Understanding how living organisms adapt to changes in their natural habitats is of paramount importance particularly in respect to environmental stressors, such as pollution or climate. Computational models integrating the multi-level molecular responses with organism physiology are likely to be indispensable tools to address this challenge. However, because of the difficulties in acquiring and integrating data from non-model species and because of the intrinsic complexity of field studies, such an approach has not yet been attempted. Here we describe the first example of a global network reconstruction linking transcriptional and metabolic responses to physiology in the flatfish, European flounder, a species currently used to monitor coastal waters around Northern Europe. The model we developed has revealed a remarkable similarity between network modules predictive of chemical exposure in the environment and pathways involved in relevant aspects of human pathophysiology. Generally, the approach we have pioneered has important implications as it can be applied to model molecular mechanisms of compensatory adaptation to a wide range of scenarios in wild populations.


Modelling the responses and compensatory adaptations of living organisms to a changing environment is extremely important both in terms of scientific understanding and for its potential impact on global health. Although computational modelling of ecological systems has been utilised in ecotoxicology, the application of systems biology approaches to non-model organisms in general presents formidable difficulties, partly due to limited sequence information for environmentally relevant sentinel species. Moreover, the number of samples and the depth of information available are often limited and there may be a lack of truly relevant physiological endpoints. Thus, omics have proven effective in finding responses of aquatic organisms to model toxicants in laboratory-based experiments [1] but the environment poses a greater challenge as anthropogenic contaminants are present as complex mixtures and responses will additionally be dependent upon natural life history traits and other environmental factors.

Relatively few omics studies have focussed upon the ecotoxicology of environmentally sampled fish [2][7]. Although we have previously shown [8], [9] that expression of stress response genes could be used to distinguish fish from environmental sampling sites with different underlying contaminant burdens, this gave little insight to the health outcomes of these molecular differences. In this context, identifying molecular mechanisms of compensatory and toxic responses from observational data (reverse engineering), an approach that has been so successful in clinical studies and in laboratory model organisms, is highly challenging in field studies. We addressed this challenge by developing a novel network inference strategy based on the integration of multi-level measurements of populations of fish exposed to a diverse spectrum of environmental pollutants. This provides a useful model for a network biology approach generally applicable to non-model species and represents a breakthrough in the way we study the mechanisms whereby organisms respond to chemical exposure in the environment. We directed our efforts towards modelling molecular networks representative of populations of the flatfish European flounder (Platichthys flesus) sampled from marine environments of North Western Europe, including locations significantly impacted by anthropogenic chemical contaminants.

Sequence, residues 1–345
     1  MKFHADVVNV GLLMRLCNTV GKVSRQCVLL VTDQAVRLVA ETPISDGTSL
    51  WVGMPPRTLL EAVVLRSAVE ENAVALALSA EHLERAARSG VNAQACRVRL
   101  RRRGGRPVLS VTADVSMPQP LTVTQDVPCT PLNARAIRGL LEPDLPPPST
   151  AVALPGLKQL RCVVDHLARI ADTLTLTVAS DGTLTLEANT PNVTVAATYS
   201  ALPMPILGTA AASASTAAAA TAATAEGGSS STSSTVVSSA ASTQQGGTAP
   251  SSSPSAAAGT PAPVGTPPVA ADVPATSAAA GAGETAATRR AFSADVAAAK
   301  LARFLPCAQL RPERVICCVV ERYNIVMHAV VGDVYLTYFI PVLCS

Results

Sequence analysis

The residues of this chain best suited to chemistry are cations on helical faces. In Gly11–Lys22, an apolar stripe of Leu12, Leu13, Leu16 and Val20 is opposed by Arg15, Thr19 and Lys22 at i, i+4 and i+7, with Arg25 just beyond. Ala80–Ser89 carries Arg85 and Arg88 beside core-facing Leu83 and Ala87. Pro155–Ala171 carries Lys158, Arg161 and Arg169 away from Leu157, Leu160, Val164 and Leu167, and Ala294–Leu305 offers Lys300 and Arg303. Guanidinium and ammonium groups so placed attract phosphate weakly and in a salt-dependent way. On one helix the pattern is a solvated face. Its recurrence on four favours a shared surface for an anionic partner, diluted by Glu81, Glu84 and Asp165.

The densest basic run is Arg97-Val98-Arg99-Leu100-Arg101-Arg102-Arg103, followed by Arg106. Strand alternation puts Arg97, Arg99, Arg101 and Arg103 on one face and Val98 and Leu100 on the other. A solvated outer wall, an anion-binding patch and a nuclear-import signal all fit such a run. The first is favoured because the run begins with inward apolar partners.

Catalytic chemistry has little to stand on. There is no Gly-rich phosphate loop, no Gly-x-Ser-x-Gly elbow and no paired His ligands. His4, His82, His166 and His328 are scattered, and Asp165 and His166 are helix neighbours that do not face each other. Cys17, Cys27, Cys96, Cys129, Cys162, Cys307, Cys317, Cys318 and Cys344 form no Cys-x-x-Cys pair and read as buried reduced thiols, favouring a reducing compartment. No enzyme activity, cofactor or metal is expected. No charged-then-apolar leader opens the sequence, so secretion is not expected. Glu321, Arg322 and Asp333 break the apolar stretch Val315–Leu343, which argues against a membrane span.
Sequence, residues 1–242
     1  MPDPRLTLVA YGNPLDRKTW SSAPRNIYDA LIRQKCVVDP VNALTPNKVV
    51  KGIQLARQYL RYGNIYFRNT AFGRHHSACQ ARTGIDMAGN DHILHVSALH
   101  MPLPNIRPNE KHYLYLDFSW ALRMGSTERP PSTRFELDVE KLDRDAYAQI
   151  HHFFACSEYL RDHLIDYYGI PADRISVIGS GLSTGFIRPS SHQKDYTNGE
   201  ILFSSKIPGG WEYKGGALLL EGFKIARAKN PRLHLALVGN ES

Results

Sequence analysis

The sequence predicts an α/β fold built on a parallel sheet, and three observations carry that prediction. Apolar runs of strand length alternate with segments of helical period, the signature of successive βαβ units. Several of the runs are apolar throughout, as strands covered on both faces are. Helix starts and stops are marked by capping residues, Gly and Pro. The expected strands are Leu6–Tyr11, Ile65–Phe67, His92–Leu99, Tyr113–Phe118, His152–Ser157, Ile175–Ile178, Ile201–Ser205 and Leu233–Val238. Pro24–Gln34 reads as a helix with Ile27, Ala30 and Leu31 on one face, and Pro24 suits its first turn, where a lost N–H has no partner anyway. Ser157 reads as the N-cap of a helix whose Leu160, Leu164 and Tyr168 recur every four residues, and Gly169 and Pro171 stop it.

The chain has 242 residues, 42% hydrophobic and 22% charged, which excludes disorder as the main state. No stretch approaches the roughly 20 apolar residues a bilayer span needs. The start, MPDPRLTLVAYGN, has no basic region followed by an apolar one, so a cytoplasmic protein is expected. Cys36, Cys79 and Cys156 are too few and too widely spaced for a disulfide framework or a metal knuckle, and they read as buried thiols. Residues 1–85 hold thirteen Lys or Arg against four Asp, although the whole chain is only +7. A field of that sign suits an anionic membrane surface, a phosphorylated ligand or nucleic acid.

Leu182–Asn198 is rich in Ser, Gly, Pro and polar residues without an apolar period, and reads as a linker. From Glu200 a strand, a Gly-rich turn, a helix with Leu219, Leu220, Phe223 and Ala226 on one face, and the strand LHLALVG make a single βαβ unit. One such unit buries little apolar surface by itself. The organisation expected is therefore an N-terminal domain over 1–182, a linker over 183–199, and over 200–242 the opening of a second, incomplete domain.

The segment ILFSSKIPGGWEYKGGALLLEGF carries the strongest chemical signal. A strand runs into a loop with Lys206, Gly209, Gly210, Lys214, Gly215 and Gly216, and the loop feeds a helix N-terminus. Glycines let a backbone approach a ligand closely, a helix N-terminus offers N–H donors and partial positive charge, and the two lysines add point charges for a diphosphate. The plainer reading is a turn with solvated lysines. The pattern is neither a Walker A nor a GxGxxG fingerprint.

The study integrated measurements representing a broad spectrum of samples characterized using transcriptomics, metabolomics, conventional biomarkers and analysis of chemicals in sediments from the sampling sites. Previous studies have shown both anthropogenic contamination and higher prevalence of pre-neoplastic and neoplastic lesions in flounder from the Elbe estuary [10] and from the Mersey and Tyne [11], together with elevated levels of hepatic DNA adducts at these sites [12]. Data integration was achieved by implementing a systems biology framework for network reconstruction, starting from cross-species mapping of sequence information to the integration of multi-level datasets within a framework for network inference [13] and culminating in the identification of network modules predictive of physiological responses to chemical exposure, valuable for marine monitoring [14].